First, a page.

Today I was driving from my early morning meeting, pondering some great discussion (I’ll let you in on that some time later). As I was driving, I was listening to Mars Hill Audio Journal. The person being interview was talking about early American symbols for freedom and the difference linguistically between freedom and liberty. Liberty comes from the Latin word libertas, meaning autonomy (as opposed to slavery). Freedom is more interesting. It is derived from an Indo-European word pris. It shares its linguistic root with our English word friend. What it interesting, is that this word freedom does not come from a root meaning autonomy, but from one that speaks of being bound to someone, but not in the bonds of slavery, but the bonds of love and friendship.
The connection I was making in my mind as I listened was that the Christian understanding of freedom is not autonomy, it is freedom within the bonds of love – love for others and love for Christ. Hence Paul can speak of being set free to be slaves of God (Galatians 5:1, 13; 1 Peter 2:16). Libertarian freedom (absolute autonomy of self) ends up destroying Christian freedom. We were not created and redeemed to be autonomous, but to be in a loving relationship with God and our brothers and sisters in Christ.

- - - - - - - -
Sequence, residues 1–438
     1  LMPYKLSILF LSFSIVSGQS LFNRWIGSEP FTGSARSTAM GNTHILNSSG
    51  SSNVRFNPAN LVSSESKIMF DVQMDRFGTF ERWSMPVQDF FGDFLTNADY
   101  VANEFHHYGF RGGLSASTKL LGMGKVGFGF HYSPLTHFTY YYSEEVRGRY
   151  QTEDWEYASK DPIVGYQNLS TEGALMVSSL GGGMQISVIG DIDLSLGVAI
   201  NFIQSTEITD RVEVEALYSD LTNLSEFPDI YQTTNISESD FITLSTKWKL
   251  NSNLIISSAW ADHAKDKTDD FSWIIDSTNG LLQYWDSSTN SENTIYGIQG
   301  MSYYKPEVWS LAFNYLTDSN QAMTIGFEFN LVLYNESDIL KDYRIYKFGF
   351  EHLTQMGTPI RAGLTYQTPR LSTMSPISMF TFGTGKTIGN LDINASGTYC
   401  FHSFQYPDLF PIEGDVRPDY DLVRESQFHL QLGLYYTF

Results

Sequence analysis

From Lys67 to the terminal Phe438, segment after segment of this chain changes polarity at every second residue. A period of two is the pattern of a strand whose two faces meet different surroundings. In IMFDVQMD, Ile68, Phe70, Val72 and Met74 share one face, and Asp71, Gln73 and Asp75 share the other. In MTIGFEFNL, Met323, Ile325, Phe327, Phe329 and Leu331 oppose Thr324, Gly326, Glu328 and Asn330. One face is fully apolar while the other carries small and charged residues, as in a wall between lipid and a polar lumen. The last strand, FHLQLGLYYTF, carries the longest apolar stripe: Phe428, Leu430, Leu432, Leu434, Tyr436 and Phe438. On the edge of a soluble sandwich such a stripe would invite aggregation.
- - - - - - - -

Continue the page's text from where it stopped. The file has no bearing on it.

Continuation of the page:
I don’t mean to suggest that liberty isn’t a Christian concept. It is, and is the reason we believe we will all be held personally and individually responsible for our actions. However, I think we have completely lost the true meaning of freedom in our quest to throw off all bonds of morality. Let’s recapture the idea that we have been set free for righteousness, because we are in a friendship with God.